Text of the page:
Romer: Being green is good for business
Earth Day on April 22 is marked by more than a billion people around the world as a day of action to change human behavior and create global, national and local policy changes. It began in 1970 as the start of the modern environmental movement.
Locally, Walking Mountains Science Center — alongside several community partner organizations — will kick off its first annual Climate Action Week with numerous events meant to highlight the different sectors of the local Climate Action Collaborative.
The Climate Action Collaborative for the Eagle County Community is a group of local governments, businesses, schools, special districts and nonprofits tasked to implement the recommendations of the Climate Action Plan for the Eagle County Community. The plan recommends county-wide carbon pollution reduction targets of 50% by 2030 and 80% by 2050, from the Eagle County 2014 baseline inventory.
Walking Mountains commonly shares blog posts on topics such as what, why and how businesses can and should be more sustainable. Climate Action Week and Earth Day are good reasons to explore the connection between business and sustainability.
Climate action and sustainability are important concepts to the business community — while being sustainable is a good general practice, it must also follow the “3 Ps” of profit, people, planet. The “what” will look different depending on the business, but in general, it shows up as thinking about the long-term effects of your operations and making an effort to have a minimal negative impact on society and the environment.
There is a significant and growing business case for incorporating the triple bottom line. The Yale Program on Climate Change Communication conducted a survey on consumer activism in America. The study found that a majority of Americans agree that companies need to take “climate-friendly actions” and 41% of Americans say they intend to use their money more frequently to reward companies that are trying to reduce climate change. Being sustainable adds brand value, separates you from the competitors, contributes to employee retention and attracts consumers. Importantly, businesses can also reduce internal costs from efforts such as energy and water efficiency measures, reducing transportation needs and allowing employees to work from home.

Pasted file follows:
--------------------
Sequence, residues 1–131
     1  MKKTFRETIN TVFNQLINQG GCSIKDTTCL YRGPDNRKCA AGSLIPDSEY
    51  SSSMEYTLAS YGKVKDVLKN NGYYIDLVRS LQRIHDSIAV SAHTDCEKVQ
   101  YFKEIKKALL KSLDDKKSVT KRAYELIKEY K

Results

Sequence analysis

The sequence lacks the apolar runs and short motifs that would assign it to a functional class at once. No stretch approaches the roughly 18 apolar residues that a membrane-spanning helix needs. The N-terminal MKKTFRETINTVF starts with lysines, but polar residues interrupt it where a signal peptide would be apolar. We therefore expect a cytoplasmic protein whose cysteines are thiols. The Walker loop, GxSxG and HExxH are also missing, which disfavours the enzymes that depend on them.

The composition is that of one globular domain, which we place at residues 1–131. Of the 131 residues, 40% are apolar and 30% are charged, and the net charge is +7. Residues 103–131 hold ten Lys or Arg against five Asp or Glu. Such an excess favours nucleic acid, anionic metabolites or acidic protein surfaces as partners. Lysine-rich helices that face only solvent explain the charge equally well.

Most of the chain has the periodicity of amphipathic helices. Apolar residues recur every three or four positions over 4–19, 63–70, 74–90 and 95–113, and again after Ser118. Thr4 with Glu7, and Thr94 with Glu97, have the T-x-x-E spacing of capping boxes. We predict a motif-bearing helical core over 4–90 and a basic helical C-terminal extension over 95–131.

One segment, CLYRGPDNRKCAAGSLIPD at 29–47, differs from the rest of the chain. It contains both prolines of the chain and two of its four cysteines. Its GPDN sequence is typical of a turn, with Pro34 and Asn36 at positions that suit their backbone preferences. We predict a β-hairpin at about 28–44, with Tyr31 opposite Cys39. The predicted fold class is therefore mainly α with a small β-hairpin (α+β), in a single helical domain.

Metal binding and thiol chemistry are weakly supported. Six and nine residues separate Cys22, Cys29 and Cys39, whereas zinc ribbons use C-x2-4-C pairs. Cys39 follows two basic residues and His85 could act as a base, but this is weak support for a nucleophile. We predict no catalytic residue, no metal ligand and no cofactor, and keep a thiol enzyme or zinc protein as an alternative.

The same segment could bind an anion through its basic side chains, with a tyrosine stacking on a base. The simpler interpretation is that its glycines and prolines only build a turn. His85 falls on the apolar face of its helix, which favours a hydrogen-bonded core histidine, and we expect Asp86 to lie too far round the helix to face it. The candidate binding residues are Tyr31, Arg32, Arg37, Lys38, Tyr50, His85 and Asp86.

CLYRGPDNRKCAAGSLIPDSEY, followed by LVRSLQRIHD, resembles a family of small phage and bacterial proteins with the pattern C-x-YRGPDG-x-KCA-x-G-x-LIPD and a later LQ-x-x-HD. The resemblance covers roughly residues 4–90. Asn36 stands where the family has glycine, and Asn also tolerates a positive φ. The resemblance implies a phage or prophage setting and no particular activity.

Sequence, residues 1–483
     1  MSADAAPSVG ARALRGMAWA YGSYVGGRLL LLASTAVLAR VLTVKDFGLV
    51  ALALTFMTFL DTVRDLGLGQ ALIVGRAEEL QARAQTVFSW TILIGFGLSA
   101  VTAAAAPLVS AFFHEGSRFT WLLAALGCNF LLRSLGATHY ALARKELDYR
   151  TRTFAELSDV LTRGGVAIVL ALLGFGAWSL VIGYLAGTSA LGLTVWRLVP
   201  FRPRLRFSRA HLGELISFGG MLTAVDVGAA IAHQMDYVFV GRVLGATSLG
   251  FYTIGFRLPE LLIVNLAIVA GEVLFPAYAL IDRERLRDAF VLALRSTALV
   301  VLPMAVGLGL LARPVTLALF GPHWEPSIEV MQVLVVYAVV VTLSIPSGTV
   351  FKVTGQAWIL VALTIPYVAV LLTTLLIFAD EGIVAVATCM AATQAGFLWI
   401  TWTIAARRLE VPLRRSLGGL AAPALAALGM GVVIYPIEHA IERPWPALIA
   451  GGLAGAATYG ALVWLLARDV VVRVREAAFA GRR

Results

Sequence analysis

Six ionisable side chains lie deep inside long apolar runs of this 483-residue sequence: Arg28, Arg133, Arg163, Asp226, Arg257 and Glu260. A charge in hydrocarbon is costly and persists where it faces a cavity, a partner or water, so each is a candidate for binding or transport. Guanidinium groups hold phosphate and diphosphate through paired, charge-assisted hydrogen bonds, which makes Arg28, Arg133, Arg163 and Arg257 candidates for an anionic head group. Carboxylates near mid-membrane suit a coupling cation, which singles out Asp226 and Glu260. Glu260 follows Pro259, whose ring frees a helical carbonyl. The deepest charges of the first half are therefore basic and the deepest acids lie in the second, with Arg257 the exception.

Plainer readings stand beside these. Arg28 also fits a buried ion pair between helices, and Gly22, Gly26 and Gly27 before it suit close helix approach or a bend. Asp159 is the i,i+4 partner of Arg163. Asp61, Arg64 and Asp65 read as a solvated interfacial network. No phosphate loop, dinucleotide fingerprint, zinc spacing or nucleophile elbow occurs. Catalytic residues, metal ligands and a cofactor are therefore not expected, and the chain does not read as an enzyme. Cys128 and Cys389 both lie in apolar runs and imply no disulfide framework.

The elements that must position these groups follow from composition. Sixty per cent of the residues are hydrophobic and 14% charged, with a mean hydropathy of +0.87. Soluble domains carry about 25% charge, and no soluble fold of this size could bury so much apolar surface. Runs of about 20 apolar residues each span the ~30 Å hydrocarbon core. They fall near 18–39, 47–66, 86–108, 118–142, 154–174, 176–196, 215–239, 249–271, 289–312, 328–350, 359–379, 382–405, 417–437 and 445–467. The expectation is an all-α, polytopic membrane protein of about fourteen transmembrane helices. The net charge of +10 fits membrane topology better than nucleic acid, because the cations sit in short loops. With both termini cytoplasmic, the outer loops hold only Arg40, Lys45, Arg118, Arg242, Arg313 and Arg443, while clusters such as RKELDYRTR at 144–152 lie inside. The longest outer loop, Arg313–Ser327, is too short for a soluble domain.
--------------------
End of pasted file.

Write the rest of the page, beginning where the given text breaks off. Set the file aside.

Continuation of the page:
If you haven’t taken any steps to become a more sustainable business, the process might seem daunting. It is important to remember that it does not have to be done all at once. We all learned to walk by putting one foot in front of the other, and the sustainability journey for a business is no different. Some of the tools available from Walking Mountains include:
- The Green Business Trail Map maps out the steps you can take in various categories of action and allows you to choose your own sustainable business adventure.
- If you’re ready to promote your efforts and elevate your performance through an official certification, check out the Actively Green program, complete with training and workshops to help you become a recognizable leader in sustainable business (free for Vail Valley Partnership members!)
- Their Energy and Buildings team can schedule a free business walkthrough with you to give you advice on energy efficiency improvements and help you navigate commercial rebates to help offset some of the upfront costs.
The link between financial performance and sustainability is growing stronger. It is a wise investment to make an effort in sustainability planning for your business as the market shifts in that same direction. Together, we can all keep Eagle County ahead of the curve and strive toward a better future for our communities.
Chris Romer is president and CEO of Vail Valley Partnership, the regional chamber of commerce. Learn more at VailValleyPartnership.com.